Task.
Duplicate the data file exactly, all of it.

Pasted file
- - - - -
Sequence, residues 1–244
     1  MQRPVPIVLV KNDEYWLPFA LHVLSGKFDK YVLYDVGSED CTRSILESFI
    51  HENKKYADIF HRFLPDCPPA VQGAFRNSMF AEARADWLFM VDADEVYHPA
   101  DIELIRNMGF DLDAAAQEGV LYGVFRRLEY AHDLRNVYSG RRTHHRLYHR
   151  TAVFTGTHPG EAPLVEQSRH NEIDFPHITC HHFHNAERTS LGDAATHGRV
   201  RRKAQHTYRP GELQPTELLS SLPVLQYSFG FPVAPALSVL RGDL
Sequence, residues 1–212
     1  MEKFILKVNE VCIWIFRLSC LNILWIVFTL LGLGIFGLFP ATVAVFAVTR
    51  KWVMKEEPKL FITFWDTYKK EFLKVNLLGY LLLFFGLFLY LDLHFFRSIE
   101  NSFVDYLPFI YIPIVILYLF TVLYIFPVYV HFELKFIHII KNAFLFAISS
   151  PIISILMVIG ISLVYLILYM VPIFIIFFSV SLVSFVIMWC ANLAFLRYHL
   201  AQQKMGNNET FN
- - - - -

Sequence, residues 1–244
     1  MQRPVPIVLV KNDEYWLPFA LHVLSGKFDK YVLYDVGSED CTRSILESFI
    51  HENKKYADIF HRFLPDCPPA VQGAFRNSMF AEARADWLFM VDADEVYHPA
   101  DIELIRNMGF DLDAAAQEGV LYGVFRRLEY AHDLRNVYSG RRTHHRLYHR
   151  TAVFTGTHPG EAPLVEQSRH NEIDFPHITC HHFHNAERTS LGDAATHGRV
   201  RRKAQHTYRP GELQPTELLS SLPVLQYSFG FPVAPALSVL RGDL
Sequence, residues 1–212
     1  MEKFILKVNE VCIWIFRLSC LNILWIVFTL LGLGIFGLFP ATVAVFAVTR
    51  KWVMKEEPKL FITFWDTYKK EFLKVNLLGY LLLFFGLFLY LDLHFFRSIE
   101  NSFVDYLPFI YIPIVILYLF TVLYIFPVYV HFELKFIHII KNAFLFAISS
   151  PIISILMVIG ISLVYLILYM VPIFIIFFSV SLVSFVIMWC ANLAFLRYHL
   201  AQQKMGNNET FN